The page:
Posted in Dairy-free, Desserts, Gluten-free, Nuts, Paleo-friendly, Real Food, Recipes, tagged almonds, butter, cinnamon, coconut cream, coconut flour, ginger, honey, low carb, nutmeg, paleo, pecans, pie, primal, pumpkin, puree, real food, sea salt, topping, vanilla, whipped on October 14, 2012 |
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This is not your grandma’s pumpkin pie.
Your grandma’s pumpkin pie, if made traditionally from the back of the pumpkin pie filling can and served with whipped topping, would have contained somewhere in the area of an insulin-spiking 45 grams of carbs per slice (1/8 pie being a serving). That is almost half of the most you should eat in an entire day. Ouch.
This recipe, which I’ve decided is 12 servings (a smaller slice of pie satisfies more quickly with healthy fats and without the insulin-triggered sugar cravings), comes out to around 17 grams of carbs per serving. That’s more like it!
As I’ve mentioned on my Facebook page and on last week’s School Lunch Boxes post, I’m currently reading the book Trick and Treat by Barry Groves. Right now I’m about halfway through and reading about how carbs trigger insulin and how people become insulin-resistant over time by eating too many carbs. Insulin resistance is basically cells telling the insulin to go to hell and store fat elsewhere, like on your butt. Groves goes into depth on how insulin interacts with cells in regards to storing energy within cells that can be used quickly, or energy stored as fat. Additionally, he says that the kind of fat and how much fat you eat along with the carbs also plays a part. It seems that if you eat good fat (saturated and monounsaturated) along with carbs, a sufficient amount of leptin is also released into your system, which helps the cells and insulin work together to prevent insulin-resistance.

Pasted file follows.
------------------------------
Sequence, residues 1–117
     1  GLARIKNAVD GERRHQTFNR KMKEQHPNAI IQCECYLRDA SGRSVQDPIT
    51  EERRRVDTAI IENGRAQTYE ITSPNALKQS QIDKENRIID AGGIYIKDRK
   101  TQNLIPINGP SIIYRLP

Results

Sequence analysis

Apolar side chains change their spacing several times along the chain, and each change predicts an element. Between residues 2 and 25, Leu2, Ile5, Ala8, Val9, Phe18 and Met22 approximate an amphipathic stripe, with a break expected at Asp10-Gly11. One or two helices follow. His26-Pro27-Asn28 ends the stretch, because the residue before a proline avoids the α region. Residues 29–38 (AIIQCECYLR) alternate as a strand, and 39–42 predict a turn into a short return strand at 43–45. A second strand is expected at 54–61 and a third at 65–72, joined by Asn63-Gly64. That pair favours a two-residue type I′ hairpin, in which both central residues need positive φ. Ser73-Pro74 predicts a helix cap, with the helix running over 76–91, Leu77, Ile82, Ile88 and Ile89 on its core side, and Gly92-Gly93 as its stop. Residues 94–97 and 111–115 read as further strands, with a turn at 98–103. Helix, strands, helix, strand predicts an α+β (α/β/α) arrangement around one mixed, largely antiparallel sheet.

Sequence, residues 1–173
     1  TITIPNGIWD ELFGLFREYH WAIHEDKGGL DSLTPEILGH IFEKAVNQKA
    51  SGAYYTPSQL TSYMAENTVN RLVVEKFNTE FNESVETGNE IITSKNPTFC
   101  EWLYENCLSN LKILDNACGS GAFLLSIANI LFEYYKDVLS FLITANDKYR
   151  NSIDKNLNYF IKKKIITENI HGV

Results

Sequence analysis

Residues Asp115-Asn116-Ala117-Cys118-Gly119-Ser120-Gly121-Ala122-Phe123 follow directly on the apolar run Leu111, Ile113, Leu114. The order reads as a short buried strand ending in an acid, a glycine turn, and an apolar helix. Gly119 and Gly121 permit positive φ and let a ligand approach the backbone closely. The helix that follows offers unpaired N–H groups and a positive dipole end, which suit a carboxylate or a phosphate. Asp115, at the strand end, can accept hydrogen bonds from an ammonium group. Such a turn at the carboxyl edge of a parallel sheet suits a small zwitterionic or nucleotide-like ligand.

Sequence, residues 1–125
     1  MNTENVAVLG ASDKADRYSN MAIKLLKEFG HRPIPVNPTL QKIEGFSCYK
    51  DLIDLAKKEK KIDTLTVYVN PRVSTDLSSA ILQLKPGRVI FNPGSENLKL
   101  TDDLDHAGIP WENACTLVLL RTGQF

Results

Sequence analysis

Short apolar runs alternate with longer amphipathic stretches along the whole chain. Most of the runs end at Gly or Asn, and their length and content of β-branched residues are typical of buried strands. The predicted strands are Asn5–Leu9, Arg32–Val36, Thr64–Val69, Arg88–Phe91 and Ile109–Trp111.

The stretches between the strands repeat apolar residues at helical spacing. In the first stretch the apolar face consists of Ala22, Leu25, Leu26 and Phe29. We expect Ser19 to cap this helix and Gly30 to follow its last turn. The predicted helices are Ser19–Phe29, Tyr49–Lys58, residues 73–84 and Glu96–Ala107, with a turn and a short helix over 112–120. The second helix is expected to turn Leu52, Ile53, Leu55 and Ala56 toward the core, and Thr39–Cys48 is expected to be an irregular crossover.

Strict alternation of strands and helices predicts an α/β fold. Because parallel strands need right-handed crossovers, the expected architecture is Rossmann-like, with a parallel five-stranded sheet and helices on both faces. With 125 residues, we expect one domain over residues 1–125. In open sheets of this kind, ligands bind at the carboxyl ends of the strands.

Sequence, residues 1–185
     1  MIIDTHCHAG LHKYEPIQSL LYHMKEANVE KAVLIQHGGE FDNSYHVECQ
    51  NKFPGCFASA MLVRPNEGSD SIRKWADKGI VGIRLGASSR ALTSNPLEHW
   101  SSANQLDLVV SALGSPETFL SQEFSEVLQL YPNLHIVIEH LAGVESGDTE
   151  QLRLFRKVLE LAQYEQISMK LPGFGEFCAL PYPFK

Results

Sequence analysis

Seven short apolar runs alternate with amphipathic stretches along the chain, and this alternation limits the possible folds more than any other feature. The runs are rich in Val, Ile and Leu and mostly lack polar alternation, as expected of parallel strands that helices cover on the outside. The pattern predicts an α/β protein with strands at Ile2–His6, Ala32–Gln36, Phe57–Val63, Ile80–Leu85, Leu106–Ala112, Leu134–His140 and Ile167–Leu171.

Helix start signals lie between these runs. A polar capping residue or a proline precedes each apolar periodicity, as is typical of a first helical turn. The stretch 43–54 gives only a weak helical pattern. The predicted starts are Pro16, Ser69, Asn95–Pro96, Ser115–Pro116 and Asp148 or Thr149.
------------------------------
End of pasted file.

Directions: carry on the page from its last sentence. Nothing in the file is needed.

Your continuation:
In other words, carbs eaten in moderation (less than 100 grams per day) and eaten along with saturated and monounsaturated fats will go a long ways towards enabling your body’s built-in magic to optimally regulate its fat storage – without having to pay attention to calories.
In OTHER other words, this pumpkin pie with whipped cream could be the first step into getting you back into your skinny jeans.
Questions, comments, scathing rebuttals? The doctor is in.
Pumpkin Pie with Whipped Cream
- 1/2 c. almonds
- 1 c. pecans
- 1/4 c. coconut flour
- 4 T. melted organic grass fed butter
- 1/2 t. cinnamon
- 1/2 t. sea salt
- 1 – 14oz can of plain, unsweetened pumpkin puree
- 2 t. ground cinnamon